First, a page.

But what does the poet really mean when they say, "Yeah, nah"? Are there situations in life when "Yeah, nah", actually means "Yeah, yeah"? What of the feminist claim that "No means no"? Applying the logic to the current equation, and carrying across the positive to the negative and reversing the neutron flow of the universe, not to mention vice versa, does "Yeah, nah", actually mean, "Yeah, nah", no matter what we think it's meaning might mean?

And what does this meaning mean for "Yeah, yeah", which in actuality means "No"; or "No no", which doesn't (though it doesn't mean, "Yes", either). Come to think of it, what does this mean for "Yes, yes", or the rare specimen of "Yeah, nah.... yeah" which we may still find in the wild? Is this to be a case of letting the eyes have it, or (taking it from the horse's mouth), will it be a neigh rather than a yay? Just what is the poet on, anyway? We'd ask him, but he strangely seems on leave at the moment, so we'll just have to ask the footballer instead. Let's give it a go.

Q: So, how do you think you'll go in the game on Saturday?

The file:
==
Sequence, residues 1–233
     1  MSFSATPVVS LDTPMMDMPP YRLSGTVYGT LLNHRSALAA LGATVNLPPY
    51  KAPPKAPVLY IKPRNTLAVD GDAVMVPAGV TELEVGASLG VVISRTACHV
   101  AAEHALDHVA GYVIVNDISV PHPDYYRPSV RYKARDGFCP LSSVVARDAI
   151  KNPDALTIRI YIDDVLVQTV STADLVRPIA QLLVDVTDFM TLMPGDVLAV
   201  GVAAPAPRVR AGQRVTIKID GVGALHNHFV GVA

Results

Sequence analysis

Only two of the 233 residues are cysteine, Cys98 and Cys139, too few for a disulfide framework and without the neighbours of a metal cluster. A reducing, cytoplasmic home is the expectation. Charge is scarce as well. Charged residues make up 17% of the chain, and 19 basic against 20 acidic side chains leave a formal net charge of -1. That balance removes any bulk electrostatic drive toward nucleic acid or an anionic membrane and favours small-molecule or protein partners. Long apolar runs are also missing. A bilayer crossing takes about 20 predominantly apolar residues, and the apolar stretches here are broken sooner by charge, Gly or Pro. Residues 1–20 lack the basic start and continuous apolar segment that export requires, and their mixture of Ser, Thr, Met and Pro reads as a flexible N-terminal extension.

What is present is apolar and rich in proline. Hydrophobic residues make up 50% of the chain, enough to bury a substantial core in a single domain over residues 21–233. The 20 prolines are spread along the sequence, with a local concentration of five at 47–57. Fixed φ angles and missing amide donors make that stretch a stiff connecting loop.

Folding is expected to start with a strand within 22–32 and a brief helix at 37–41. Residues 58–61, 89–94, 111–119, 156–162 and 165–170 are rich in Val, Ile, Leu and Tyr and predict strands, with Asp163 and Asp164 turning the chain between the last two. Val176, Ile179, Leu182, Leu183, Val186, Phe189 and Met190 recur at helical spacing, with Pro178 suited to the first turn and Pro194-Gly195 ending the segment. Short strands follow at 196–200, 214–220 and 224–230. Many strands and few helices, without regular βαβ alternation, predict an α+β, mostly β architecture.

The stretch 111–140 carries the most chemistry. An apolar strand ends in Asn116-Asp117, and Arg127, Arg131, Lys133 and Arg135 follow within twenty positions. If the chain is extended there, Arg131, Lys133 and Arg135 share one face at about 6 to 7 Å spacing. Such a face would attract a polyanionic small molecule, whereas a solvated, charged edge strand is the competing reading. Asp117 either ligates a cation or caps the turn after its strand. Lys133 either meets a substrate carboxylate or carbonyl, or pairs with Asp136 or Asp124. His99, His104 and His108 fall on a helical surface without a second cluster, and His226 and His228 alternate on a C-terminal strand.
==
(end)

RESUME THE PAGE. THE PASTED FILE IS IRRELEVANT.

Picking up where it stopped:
A: Yeah, nah.

So there you have it, ladies and gentlemen. Straight from the horse's mouth. (Horse? What horse?)

Thursday, March 19, 2015

Tragedy is when you cut your finger...

"There was a young lady from Ryde", begins the fairy tale, as so many fairy tales begin...

...Who ate some green apples and died
The apples fermented
Inside the lamented
And made cider inside her inside. 

From that heartwarming tale of a successful fermentation completed in the most unlikely of circumstances, we move to a sorrowful tale of tears, trauma, and tragedy. While I was making cider today, I cut my finger. And then, proving that life has a way of finding situations that cannot get any worse, and then making them so, I cut the the other one.

When you have dried your eyes and ceased shaking at my horrifying tale, you will be happy to know I now have 4.5 litres of apple cider in my study about to start fermenting away. When that cider is ready, I shall drink it. And if I should happen to die after drinking it, I'll be sure to let you know. What else are blogs for?

Tuesday, March 10, 2015

IMPORTANT NEWS ABOUT BUILDING A GIGANTIC FUCKING ROAD

VICTORIA, MONDAY  - Labor has decided to go ahead with the controversial East West Link project, with the  entrance of the new road being built through former Premier Denis Napthine's bedroom.

"Building a gigantic fucking big road right through Denis Napthine's bedroom is a really important infrastructure project for this state," said Premier Daniel Andrew's yesterday, "And Labor will be delivering this project on time, and on budget."

In answer to questions about the possible legality of such a move, Premier Andrews replied that the East West Link would have a 'sound wall' and that an environmental impact study would be performed "or some shit like that".